If you’ve read any of my previous blog posts, you have probably noticed that I make an effort to confine my posts to vendor-neutral topics. However, every now and then I come across vendor-specific technology implementations that are so cool that I just have to say something about them. In this case, it is DHCP fingerprinting by Aruba Networks.
Without getting into too much technical detail, this technology watches the DHCP requests of wireless clients and identifies the operating system based on the way each device asks for an address. This feature is really cool because it means you can allow a user to connect to the same ESSID (read: wireless network), using the same username/password, with a variety of different devices, and get different levels of access depending on the specific device type. For example, if the user connects to the WLAN with a company issued laptop then they get access to the internal network. However, if they connect using an iPad they get Internet access only. Didn’t I say this was cool?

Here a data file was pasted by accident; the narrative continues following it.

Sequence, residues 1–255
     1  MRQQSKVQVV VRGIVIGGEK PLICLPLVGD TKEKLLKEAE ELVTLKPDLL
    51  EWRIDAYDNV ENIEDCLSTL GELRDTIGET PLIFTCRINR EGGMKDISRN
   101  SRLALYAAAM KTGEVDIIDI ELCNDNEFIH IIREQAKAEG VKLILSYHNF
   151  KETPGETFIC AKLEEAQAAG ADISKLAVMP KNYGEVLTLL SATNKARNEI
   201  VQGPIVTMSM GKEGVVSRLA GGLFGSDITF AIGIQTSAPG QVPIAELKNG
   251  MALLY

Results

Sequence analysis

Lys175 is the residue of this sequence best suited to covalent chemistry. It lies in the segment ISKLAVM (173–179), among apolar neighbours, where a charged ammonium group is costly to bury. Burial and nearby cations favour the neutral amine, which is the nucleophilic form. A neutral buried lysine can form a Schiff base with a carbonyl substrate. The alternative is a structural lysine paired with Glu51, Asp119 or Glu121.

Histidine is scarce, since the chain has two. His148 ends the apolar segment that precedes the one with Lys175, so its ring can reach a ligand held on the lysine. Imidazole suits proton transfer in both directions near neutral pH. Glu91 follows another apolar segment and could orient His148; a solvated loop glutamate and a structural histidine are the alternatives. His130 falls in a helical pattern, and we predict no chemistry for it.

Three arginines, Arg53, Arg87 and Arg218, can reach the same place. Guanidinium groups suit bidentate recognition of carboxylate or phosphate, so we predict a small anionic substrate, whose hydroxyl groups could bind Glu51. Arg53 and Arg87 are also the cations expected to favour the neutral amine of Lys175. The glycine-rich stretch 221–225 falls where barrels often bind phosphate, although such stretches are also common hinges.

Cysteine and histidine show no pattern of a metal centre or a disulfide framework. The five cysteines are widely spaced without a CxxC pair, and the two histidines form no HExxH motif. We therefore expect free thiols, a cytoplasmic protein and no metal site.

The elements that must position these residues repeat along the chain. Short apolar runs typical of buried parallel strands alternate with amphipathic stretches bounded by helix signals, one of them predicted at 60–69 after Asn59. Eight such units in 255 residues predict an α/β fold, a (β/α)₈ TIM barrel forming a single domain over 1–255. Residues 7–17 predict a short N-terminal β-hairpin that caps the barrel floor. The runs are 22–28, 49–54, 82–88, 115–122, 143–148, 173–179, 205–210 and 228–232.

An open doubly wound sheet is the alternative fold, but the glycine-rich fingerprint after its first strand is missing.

Enough typing, I recorded a little demonstration of DHCP fingerprinting for your viewing enjoyment:
As BYOD becomes more prevalent, I think we are going to start seeing technologies like this popping up all over the place. This is a good thing since it gives administrators the ability to allow BYODs onto the network without having to give up on security and control.
How do you deal with BYODs in your environment? If you have thoughts or comments regarding the proper way of dealing with BYODs please share them in the comments section. Also, as usual, please share this post with others if you found it useful or interesting.